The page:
Tutorial :which is better, a 404 error page or redirecting to the front page



Question:

I was under the impression that 404 redirects to the front page is considered bad. all websites should have a 404 page. But at the same time I notice alot of people in forums that want their site to redirect to front page when a 404 is called. which is better. Having a 404 error page or redirecting to the front page


Solution:1

Definitely have a 404 page that also sends a 404 header.

  • It tells bots when URLs are outdated

  • It saves you from problems with duplicate content (that search engines frown upon)

  • It shows users when their URLs are outdated or they typed something wrongly

people want to "keep" incoming visitors by redirecting them to the front page. I'd say this creates more annoyance than good, because it doesn't give incoming users a clue about the resource they were looking for. A good 404 page, possibly with intelligent links ("were you looking for...?") and a site map, is the best option.


Solution:2

The best is a custom 404 page, totally integrated into your design / site, with perhaps some hints parsed from the url which pages might be of interest, and at least a searchform. And do let it provide a 404-header. For some reason, a lot of peope don't get that while sending a 404 you can still sent a fully fledged webpage.


Solution:3

This is going to be a little subjective, I'd think, but here's my opinion.

A 404 Error serves a purpose: to tell the user that the page was not found. Redirecting to the front page suggests that's where the link was supposed to go.

As a user, if I hit a 404, I know the page is missing. If its a site in which I have a vested interest (say, my bank's self-service web portal, or SO, or some such) I can let someone know there's a problem.

If, instead, I'm re-directed to the main page, I tend to assume that's done on purpose and that the page isn't meant to exist, or someone already knows about the problem.


Solution:4

Minimize the 404 errors. If some resource doesn't exist anymore, use 410 Gone. A properly designed site doesn't need to take out of commission URLs. If due to errors in the past you need to, set up a redirect to the new location.

Now the only 404s that should be left are mistakes entering direct address and bad links from outside (and possibly removed resources that can't know/don't want to reveal they existed). Sending a 404 error page is better than a 30x with redirect to the homepage because:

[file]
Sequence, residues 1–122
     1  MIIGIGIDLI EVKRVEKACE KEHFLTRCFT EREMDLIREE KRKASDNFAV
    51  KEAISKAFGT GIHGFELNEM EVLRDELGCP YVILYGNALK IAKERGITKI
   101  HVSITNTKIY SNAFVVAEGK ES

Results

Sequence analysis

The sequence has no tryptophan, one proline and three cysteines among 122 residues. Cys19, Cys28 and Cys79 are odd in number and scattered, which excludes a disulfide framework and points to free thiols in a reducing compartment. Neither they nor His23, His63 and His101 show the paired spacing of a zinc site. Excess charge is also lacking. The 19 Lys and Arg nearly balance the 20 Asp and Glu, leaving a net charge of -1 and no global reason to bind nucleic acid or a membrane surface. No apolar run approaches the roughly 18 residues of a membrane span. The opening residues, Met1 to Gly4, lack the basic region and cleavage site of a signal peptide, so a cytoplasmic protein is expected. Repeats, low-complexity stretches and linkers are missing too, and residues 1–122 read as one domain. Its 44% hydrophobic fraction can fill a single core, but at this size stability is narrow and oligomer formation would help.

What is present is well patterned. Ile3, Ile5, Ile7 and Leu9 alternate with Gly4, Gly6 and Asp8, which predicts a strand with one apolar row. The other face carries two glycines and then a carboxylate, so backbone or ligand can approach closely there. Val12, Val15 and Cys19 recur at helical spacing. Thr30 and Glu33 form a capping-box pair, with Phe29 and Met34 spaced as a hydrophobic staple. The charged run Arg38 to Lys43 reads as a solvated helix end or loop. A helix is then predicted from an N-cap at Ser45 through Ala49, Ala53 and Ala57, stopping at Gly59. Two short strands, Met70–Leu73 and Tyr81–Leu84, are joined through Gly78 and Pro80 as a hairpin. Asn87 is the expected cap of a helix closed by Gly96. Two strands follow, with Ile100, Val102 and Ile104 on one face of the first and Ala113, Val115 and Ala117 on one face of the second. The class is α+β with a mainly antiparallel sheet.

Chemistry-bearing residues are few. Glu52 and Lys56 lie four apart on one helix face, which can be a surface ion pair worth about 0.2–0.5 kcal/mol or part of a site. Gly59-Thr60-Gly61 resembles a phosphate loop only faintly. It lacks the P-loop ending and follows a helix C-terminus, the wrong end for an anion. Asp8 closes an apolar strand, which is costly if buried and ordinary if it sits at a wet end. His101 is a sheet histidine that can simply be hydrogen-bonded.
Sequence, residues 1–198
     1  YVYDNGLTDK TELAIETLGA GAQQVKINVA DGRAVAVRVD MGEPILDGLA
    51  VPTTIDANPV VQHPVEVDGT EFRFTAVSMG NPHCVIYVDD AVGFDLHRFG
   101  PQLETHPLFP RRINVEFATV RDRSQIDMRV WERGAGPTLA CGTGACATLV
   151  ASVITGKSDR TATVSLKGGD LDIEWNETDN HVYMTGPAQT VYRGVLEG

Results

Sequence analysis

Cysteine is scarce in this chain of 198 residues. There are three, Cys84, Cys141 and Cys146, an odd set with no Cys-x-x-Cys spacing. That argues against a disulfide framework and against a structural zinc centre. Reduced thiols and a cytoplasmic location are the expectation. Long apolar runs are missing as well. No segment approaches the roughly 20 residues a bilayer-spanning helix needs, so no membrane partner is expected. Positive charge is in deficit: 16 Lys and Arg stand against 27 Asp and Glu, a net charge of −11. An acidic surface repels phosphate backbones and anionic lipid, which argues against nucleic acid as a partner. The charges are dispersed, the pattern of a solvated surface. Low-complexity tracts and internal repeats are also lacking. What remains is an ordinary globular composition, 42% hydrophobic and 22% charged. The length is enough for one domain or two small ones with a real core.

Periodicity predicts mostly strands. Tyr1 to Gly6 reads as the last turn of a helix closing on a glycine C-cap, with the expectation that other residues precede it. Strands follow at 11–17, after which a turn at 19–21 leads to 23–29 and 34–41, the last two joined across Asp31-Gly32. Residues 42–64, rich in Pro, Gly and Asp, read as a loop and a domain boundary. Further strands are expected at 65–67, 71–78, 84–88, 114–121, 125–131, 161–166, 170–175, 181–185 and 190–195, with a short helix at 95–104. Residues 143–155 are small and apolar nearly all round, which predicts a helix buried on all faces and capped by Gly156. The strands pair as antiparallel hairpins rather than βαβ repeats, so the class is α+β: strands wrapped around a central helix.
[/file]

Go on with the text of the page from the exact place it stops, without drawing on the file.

• It's more robot friendly. The spiders won't cache the resource thinking it's still valid.
  • You can still include a link to the homepage in the 404 error page (in fact, you should).


Solution:5

My Personal opinion is have a Detailed 404 error page which also has link to the Home Page. This way the user knows that he tried to access the page which does not exist.

Redirecting to home page without any notification sounds rude ;-)


Solution:6

You can do both:

Show an error page with HTTP status 404 for search engines, and have the user redirected to the front page. For the redirection, use meta refresh or javascript.

But consider:

People coming from other domains (e.g. search engine, forums, blogs) are probably looking for a specific information, and your frontpage is most likely not what they're looking for. If you can't direct them to the information they're looking for, it's better to show them the 404 page than leave them wondering where the information is that was supposed to be there.


Solution:7

If you moved stuff, redirect to the new page

You want to use 404 pages sparingly, if you are moving content around, you should try and put in a redirect utility that gets the user to the correct page. You might want to put a little notice up on that page if they get redirected to update their bookmarks. However you should only do this if the client in an actual browser, not some AJAX or GUI application.

Add SEARCH capabilities to your 404 page

Another thing you should do on a 404 page is to provide search capabilities right on the page. If a user ends up on the 404 page, it is typically because they are trying to find something - so make that easier for them.

For AJAX or programmed clients (i.e. GUI program uses your service): return a 404 or 410


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